Professor Pradip Dutta speaks on Tagore at the South Asia Seminar
Vishwabharati, the university that Tagore founded, was an early experiment in producing a global habitation. While many of the ideas that motivated this institution hold out resonances for the contemporary debate on cosmopolitanism, Tagore worked in the field of modern Indian thought. The tradition was strongly inflected by Vedantism.
In its modern incarnation Vedantism produced a universalism that announced its location. The presentation will look at how Tagore extended the theology of neo-Vedantism, shifting it away from its metaphysical orientation to outline a theory of global survival of which Vishwabharati, established in the rural hinterlands of Bengal, was designed as the institutional beginnings.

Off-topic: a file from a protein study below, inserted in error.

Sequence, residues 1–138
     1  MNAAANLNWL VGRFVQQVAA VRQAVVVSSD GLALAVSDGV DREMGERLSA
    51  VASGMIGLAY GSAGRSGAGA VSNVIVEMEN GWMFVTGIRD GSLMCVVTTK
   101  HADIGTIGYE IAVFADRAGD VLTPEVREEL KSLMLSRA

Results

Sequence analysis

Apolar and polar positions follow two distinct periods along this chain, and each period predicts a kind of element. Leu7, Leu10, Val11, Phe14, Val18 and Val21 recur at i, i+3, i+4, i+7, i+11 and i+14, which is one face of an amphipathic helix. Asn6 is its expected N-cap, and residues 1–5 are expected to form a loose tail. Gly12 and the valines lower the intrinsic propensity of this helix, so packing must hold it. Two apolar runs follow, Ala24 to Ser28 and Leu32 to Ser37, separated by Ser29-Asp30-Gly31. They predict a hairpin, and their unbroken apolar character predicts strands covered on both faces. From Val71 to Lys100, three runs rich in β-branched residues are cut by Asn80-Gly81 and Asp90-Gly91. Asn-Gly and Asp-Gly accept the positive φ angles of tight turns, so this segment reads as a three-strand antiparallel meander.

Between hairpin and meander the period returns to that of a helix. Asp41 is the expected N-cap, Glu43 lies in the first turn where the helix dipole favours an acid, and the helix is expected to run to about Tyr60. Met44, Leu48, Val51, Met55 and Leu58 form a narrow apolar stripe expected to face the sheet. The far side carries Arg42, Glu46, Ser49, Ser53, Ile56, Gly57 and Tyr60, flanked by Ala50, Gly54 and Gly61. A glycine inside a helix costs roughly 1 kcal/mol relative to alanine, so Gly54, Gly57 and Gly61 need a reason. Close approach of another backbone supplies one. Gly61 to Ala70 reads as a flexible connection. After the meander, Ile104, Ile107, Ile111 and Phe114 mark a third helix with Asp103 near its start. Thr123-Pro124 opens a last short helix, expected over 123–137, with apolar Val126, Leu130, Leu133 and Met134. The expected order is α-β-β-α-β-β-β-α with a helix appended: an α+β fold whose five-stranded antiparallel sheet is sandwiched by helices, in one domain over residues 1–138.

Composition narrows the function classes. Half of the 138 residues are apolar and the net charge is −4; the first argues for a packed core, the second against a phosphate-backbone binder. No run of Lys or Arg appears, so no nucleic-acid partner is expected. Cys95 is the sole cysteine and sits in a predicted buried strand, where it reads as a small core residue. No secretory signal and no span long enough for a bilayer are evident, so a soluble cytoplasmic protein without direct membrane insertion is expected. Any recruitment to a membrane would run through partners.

Professor Pradip Datta has worked on communal relations in Bengal and in contemporary India. He is now exploring non-antagonistic modes of identity formations through his work on Vishwabharati , the global university founded by Tagore. His publications include Carving Blocs (1999), Khaki Shorts Saffron Flags (co-author, 1993), Heterogeneities (2008).
This seminar series is organised with the support of the History Faculty.